The mountainous terrain in Idaho is a wonder to behold. It’s a pretty large state—the 14th largest by land area—but one of the least populated, with well under 2 million people. It’s a place for people who love their space, fresh air, and a rugged, natural landscape.
It’s also a great place for people who don’t want to pay a lot for car insurance. Idaho residents pay some of the lowest average rates in the country; in fact, the state consistently ranks in the cheapest five. That certainly doesn’t mean it’s not worth looking for ways to save—unless of course you like paying more than you have to. We’ll cover various opportunities to reduce your premium over the course of this page, but the most important advice is to comparison shop for the lowest rates. Our carrier-neutral information is designed to help you do just that.
Below are the top three car insurance providers in Idaho, according to a J.D. Power study completed in 2016 (see the full list).
If you’re at a loss where to start looking for your new car insurance policy, these companies are probably a good place.
Or, if you’d like to cover more ground more efficiently, try our instant rate comparison technology. SmartFinancial uses a little of your personal information to quickly—and securely—compile the lowest quotes on coverage that meets your needs. Take it for a test drive! Either click on your city in the list below, or just click here if you don’t see it.
Like it or not, car insurance is mandatory in Idaho and everywhere else in the country. There are some steep penalties for driving without it, but more on that in the FAQ further down on this page. But your insurance protects you in the event of an accident, which could otherwise be a major—even devastating—financial burden.
Remember, no matter how safely you drive, you’re never in control of all the variables. As you can see in the next section, there are threats from drunk, aggressive, and distracted drivers, among others.
Idaho Driving Safety
Idaho’s seen an uptick in crashes and fatalities in recent years, and the state has a relatively high traffic accident death rate per capita. While 64% of the 2015’s crashes occurred on urban roadways, 78% of crash-related deaths were on rural roads; higher speeds, lower visibility, and longer distances for emergency vehicles to travel to accident sites and hospitals are major factors. Overall, substance-impaired driving was responsible for 40% of 2015’s fatal crashes. Aggressive driving was cited as a contributing factor in 52% of fatal crashes, and distracted driving was a factor in 23% of them.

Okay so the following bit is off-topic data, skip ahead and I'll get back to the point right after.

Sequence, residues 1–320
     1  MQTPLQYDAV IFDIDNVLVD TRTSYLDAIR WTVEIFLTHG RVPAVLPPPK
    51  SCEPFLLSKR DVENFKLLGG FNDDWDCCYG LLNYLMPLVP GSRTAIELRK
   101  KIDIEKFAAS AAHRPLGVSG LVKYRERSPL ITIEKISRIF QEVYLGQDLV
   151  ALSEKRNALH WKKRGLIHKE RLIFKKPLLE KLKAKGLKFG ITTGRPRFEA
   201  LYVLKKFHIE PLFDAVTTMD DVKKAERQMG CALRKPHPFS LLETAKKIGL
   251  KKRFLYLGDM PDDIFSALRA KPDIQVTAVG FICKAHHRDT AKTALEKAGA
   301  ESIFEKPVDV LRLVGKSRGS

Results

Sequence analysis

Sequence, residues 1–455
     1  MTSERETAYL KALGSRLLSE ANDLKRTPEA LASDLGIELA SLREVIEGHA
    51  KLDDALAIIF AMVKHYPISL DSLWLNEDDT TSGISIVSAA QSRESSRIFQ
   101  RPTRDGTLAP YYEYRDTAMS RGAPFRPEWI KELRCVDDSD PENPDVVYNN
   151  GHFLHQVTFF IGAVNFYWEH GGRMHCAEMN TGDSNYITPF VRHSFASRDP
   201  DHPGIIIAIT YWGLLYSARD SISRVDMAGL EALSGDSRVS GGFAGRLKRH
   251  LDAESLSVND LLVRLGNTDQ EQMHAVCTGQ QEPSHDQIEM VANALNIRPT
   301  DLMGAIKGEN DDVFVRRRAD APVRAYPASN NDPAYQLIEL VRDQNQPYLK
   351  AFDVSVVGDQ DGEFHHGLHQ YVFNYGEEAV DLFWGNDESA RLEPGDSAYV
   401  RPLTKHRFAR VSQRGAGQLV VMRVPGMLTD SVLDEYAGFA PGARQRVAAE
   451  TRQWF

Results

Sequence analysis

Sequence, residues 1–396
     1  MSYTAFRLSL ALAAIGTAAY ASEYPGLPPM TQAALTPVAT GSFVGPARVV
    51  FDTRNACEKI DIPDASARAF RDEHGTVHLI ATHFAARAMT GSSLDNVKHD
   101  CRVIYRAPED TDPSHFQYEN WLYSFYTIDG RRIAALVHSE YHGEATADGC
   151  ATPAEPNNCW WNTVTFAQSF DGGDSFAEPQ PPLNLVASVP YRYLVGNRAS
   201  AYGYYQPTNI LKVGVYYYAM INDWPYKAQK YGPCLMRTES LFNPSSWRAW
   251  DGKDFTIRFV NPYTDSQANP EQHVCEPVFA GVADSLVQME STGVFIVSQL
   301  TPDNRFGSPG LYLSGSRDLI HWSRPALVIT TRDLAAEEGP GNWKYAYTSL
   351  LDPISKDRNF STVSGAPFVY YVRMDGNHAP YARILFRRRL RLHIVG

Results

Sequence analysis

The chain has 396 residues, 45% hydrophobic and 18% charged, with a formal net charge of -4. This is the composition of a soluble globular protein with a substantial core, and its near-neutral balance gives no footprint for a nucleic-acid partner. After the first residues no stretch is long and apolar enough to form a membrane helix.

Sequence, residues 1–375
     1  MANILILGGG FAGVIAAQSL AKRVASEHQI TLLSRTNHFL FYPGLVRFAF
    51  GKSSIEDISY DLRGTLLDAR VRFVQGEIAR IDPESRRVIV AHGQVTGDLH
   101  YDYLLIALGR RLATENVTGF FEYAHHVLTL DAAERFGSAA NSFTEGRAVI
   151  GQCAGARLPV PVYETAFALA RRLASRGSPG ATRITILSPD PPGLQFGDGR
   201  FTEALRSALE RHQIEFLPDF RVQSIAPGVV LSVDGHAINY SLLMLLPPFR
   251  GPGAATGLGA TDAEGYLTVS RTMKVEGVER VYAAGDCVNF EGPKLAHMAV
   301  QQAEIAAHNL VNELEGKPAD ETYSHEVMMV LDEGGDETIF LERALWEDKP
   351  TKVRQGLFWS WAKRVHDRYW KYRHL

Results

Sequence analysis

For an in-depth look at road safety statistics, take a look at the PDF of the Idaho Transportation Department Office of Highway Safety’s report Idaho Traffic Crashes 2015.
So much of Idaho remains unspoiled by man to this day. In fact, nearly 40% of the state’s land is owned by the U.S. Forest Service; that’s more than in any other state. If you’re one of Idaho’s many environmentally aware consumers and you make green decisions about your vehicle and/or driving habits, below are some savings you might be able to take advantage of.
When you register your vehicle or renew your registration in Idaho, you’re required to undergo emissions testing. However, many electric vehicles, hybrids, and new autos are exempted from this, saving their owners or lessees time and money. Learn more about testing regulations and exemptions on the Idaho Department of Environmental Quality website.
If you maintain a low-mileage lifestyle, it’s not only environmentally friendly, it also substantially reduces your risk of an accident and filing a claim. That’s why many car insurance companies in Idaho provide low-mileage discounts. In addition to that, lots of economy, hybrid, and alternative fuel vehicles qualify for insurance discounts. Ask your carrier what they offer.
Idaho classifies compressed natural gas, liquefied natural gas, liquefied petroleum gas (propane), hydrogen, and diesel fuels as “special fuels.” These are often exempted from state excise taxes. For more information, contact the Idaho State Tax Commission at (800) 972-7660.
Idaho drivers are legally obligated to carry minimum limits of $25,000 bodily injury coverage per person and $50,000 per accident, along with at least $15,000 property damage coverage per accident.
Under state law, your carrier must automatically offer you uninsured and underinsured motorist coverage in the amounts of $25,000 bodily injury coverage per person and $50,000 per accident. However, you can reject this additional coverage in writing if you prefer to go without it.
Maximum payment for serious injury or death to a single person
Maximum payment for serious injury or death to more than one person
Maximum payment for all damaged property in an accident caused by you
Carrying just the minimum coverage to satisfy the law is fairly common. But keep in mind that this doesn’t protect you in a variety of circumstances. If you think of your auto insurance as an investment into your financial security, you might decide it’s worth a little more each month to add on optional coverages. There’s peace of mind in knowing that your wallet is well protected from all sorts of potential expenses—some of which can be significant.
Idaho motorists can get greater peace of mind and financial safeguards with optional coverages like these. Some exclusions will apply. Also, note that banks and other institutions offering vehicle financing typically require you to carry certain add-ons—often comprehensive and collision coverage.
Our article 11 Mistakes People Make when Shopping for Auto Insurance helps you steer clear of some common missteps that can keep you from getting the best coverage at the best price.
*This list of car insurance companies is based on the ratings for the Northwest region in the J.D. Power 2016 U.S. Auto Insurance Study. Ratings are derived from five key service areas: claims, price, interaction, policy offerings, and billing. USAA is a military-only option and is therefore not including in the above rankings.
Idaho offers the following car seat recommendations:
Infants and toddlers up to 2 years old—or up to the weight and height limits established by the manufacturer—should always be secured in a rear-facing car seat in the back seat of the vehicle. A forward-facing car seat is appropriate from that point on, up to 4 years of age or until the child reaches the height and weight limits for the seat.